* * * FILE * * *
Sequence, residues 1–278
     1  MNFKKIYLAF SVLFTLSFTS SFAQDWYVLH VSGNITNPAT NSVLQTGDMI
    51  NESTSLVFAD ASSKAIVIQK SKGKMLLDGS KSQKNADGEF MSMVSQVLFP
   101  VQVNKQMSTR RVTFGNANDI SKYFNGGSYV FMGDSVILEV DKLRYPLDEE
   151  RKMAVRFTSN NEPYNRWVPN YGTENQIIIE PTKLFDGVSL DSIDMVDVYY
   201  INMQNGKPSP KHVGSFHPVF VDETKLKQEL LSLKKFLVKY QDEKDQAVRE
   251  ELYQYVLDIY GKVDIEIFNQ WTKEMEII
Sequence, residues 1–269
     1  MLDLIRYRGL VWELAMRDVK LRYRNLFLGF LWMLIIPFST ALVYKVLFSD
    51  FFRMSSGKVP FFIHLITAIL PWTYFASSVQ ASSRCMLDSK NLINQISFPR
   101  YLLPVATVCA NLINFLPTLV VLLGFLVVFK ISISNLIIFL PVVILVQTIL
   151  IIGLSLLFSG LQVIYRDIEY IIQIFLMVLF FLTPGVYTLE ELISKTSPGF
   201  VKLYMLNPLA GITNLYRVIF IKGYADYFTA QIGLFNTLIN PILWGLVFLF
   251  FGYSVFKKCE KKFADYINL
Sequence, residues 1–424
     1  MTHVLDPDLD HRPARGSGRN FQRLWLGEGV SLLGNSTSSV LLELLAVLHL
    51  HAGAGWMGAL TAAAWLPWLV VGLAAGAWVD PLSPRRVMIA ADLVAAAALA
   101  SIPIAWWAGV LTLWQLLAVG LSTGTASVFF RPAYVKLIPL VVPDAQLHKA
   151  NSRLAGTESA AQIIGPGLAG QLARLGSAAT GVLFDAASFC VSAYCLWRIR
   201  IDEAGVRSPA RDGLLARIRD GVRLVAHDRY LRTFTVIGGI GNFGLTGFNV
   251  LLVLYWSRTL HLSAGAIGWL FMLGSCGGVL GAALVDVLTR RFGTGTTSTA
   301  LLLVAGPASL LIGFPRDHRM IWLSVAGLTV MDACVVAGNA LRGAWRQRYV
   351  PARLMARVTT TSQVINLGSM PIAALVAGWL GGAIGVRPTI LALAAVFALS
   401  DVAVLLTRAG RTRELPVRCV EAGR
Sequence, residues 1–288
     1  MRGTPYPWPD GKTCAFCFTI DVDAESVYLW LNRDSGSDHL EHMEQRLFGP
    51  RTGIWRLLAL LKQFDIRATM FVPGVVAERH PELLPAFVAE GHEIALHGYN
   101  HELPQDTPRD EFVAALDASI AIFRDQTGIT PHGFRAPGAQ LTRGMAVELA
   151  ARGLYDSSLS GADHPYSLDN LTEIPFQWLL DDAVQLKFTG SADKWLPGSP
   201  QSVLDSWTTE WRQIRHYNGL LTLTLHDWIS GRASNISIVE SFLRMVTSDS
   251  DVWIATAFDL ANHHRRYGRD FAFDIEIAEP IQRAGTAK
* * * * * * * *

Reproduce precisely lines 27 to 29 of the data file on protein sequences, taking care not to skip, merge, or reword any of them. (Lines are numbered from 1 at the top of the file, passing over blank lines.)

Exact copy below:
    51  RTGIWRLLAL LKQFDIRATM FVPGVVAERH PELLPAFVAE GHEIALHGYN
   101  HELPQDTPRD EFVAALDASI AIFRDQTGIT PHGFRAPGAQ LTRGMAVELA
   151  ARGLYDSSLS GADHPYSLDN LTEIPFQWLL DDAVQLKFTG SADKWLPGSP